Mark Avery’s blog discusses the merits of on line petitions and the one most often cited is that calling for the licencing of upland grouse moors in an attempt to protect Hen Harriers, just in case you’ve not signed it then see here.  Currently there are 6,334 signatories, so what happened to those million voices for nature, similarly the 800,000, accepting of course that it’s highly likely there will be many who are members of both?

In terms of the badger cull which, as many of us will be aware of has already started, so again in case you’ve not signed the ‘directgov’ epetition then click on this link.  In terms of the ‘debate’ there is an amazing volume of blame laid at the door of the badger, yet there seems to be deafening silence from defra or the farming lobby about finding real solutions to the problem, that is to say other than culling badgers.  There are some excellent points made by readers of Mark Avery’s ‘Standing up for Nature’ blog, well made and anyone needing persuasion should read here.   Avery’s recent post ‘Bovine TB’ has attracted 54 comments, that’s quite some response which seems to infer that there’s been too much war mongering and too little science, some basic questions about the ‘intensification’ of beef and dairy farming have also come to the fore again.  The cartoon, in my humble opinion, sums up the state of the nation’s democracy – in general and not just the badger debate, politicians as a species – one wonders if their decline be missed, do we really need 650 as well as another 800 unelected?

These badger cull ‘trials’ are being conducted in Gloucestershire, so do we write to MPs, Ministers, the NFU, CLBA and the tourist boards indicating that we will no longer visit, purchase British beef, British milk and oh dear, that lovely Shropshire brie has to go as well – but let’s think positive: less calories so a healthier diet!  It’s somewhat extreme, rather too radical …. but, what else are we left with when approaching 300,000 voices are ignored?  Money talks and if the farm gate receipts fall then farmers might be persuaded to reconsider, or will they expect to be bailed out by the ‘welfare state’ (aka tax-payers)?  Should we suspend the Single Farm Payments used to support farmers in that area, after all how can they argue the case that they are the custodians of wildlife and the countryside?  I don’t know the answer, does anyone?  The arguments are emotive, highly charged and will still not be resolved by the shedding of badger blood.

We have to ask is the dire straights which the countryside finds itself in, the ongoing decline of once familiar species, a sorry barometer for the state of mankind in general?  Should we go along with the apathy or should we act to ensure that there is accountability and that history attributes accurately the facts of the matter?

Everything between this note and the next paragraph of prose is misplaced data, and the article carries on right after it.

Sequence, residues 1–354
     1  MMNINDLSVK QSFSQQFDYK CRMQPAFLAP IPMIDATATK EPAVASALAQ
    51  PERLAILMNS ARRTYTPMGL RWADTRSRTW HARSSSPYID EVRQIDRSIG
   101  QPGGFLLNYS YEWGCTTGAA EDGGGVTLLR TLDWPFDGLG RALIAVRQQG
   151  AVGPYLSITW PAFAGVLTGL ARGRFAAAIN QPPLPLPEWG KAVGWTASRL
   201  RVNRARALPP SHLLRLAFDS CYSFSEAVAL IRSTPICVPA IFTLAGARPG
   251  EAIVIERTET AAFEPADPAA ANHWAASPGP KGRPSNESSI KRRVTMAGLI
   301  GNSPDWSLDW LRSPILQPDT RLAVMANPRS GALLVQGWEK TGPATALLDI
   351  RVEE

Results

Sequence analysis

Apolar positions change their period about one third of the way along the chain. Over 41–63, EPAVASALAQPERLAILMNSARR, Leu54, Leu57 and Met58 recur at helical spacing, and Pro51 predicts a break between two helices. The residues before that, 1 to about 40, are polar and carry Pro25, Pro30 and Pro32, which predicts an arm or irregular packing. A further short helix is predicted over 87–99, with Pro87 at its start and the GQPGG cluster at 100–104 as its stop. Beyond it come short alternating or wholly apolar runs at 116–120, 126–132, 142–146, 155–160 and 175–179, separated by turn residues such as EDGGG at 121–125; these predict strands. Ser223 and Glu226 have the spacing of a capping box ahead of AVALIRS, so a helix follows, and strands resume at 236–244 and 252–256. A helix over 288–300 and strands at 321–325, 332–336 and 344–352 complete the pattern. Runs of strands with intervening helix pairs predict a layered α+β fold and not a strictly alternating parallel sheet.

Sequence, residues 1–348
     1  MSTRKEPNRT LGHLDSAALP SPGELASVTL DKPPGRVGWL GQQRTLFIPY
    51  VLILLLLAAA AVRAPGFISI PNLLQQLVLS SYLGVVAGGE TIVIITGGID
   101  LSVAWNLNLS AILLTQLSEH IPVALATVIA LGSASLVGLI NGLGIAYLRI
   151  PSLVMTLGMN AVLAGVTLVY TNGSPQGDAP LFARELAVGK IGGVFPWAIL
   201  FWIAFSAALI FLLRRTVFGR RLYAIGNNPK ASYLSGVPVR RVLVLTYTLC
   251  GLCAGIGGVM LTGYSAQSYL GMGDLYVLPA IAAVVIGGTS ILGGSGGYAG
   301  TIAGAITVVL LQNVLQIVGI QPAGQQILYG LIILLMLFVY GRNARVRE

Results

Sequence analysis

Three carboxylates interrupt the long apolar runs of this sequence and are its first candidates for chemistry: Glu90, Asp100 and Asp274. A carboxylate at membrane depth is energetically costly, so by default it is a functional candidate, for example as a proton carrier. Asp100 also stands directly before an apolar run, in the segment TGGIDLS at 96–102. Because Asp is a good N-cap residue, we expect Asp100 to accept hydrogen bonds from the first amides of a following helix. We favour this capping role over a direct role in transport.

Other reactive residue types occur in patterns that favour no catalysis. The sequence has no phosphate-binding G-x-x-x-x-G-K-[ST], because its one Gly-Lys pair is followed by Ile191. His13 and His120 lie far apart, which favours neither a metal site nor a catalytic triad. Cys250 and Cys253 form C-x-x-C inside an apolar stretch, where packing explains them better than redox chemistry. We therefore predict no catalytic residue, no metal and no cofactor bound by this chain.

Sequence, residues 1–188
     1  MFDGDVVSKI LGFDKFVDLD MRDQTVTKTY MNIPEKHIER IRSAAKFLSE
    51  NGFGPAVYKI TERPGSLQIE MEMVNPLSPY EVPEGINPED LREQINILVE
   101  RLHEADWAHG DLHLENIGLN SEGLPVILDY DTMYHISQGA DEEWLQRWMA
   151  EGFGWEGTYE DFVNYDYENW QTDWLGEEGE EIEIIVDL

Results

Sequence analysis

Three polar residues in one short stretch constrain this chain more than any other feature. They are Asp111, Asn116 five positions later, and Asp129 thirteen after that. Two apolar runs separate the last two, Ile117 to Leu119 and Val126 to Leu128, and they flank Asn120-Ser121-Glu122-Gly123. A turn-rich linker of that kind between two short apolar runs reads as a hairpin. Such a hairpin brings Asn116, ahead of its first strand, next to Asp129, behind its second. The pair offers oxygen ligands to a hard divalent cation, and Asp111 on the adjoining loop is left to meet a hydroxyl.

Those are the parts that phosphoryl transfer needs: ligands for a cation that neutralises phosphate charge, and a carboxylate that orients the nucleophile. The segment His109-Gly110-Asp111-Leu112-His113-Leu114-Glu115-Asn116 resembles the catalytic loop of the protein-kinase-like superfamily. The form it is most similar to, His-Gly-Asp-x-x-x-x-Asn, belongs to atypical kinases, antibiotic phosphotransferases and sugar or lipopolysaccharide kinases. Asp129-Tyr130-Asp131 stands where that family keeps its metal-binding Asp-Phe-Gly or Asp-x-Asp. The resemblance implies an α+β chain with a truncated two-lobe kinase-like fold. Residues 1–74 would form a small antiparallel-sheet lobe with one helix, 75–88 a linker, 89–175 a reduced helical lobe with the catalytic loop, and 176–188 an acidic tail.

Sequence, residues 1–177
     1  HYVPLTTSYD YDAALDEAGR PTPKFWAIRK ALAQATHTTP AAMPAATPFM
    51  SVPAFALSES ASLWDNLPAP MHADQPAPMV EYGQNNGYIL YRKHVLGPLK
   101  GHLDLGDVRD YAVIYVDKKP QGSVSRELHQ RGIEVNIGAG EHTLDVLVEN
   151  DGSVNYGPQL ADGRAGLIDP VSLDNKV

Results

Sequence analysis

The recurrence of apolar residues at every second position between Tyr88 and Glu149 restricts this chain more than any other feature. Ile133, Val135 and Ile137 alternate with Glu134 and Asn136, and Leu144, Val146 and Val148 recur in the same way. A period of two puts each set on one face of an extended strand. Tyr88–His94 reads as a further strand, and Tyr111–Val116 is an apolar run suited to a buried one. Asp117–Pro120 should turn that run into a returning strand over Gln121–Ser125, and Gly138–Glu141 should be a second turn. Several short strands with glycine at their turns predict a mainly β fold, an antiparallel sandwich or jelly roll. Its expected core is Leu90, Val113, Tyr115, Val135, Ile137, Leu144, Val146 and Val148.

Which if we may be forgiven for bringing another petition to readers attention, they say things come in threes?  So can we appeal to readers who haven’t yet signed the Forum’s petition STOP & RETHINK National Nature Reserves as Open Access Areas to consider doing so here. 

 

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Once ravaged for its peat, saved or so we thought …. is it destined to become a theme park now, no longer the idyllic tranquility local people treasure?

To those who have, a massive thank you and to those who have twittered or tweeted it or posted it on facebook ‘moor’ thanks.  We wondered what the response would be to our challenging the proposal of Open Access, it seemed contra to the conservation campaigning of the past.  We have been heartened by the many supportive comments posted on the 38 degree’s campaign petition.  This approach, by Natural England, is demonstrative of a failure to listen, to conduct business behind closed doors as well as compliance in terms of the Habitats Directive.  Senior Directors have failed to provide assurances that sufficient funds have been secured in perpetuity to monitor and manage for Likely Significant Effect.  Instead, it appears that it will come from core funds.  Does that mean that less will be spent on ensuring that National Nature Reserves, not just here at Thorne and Hatfield Moors, will slip into decline in terms of favourable condition status for their special interest features because funds are diverted for fences, gates, stiles, interpretation boards, picnic tables rather than management which will benefit habitat and species of nature conservation interest?

 I leave you all with a thought, borrowed from a report produced and downloadable at Common Cause

“What is wild cannot be bought or sold, borrowed or copied. It is. Unmistakable, unforgettable, unshakable, elemental as earth and ice, water, fire and air, a quintessence, pure spirit, resolving into no constituents.”  Jay Griffiths.

 

 


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Mark Avery

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a new nature blog

I write about politics, nature + the environment. Some posts are serious, some not. These are my views, I don't do any promotional stuff and these views are not being expressed for anyone who employs me.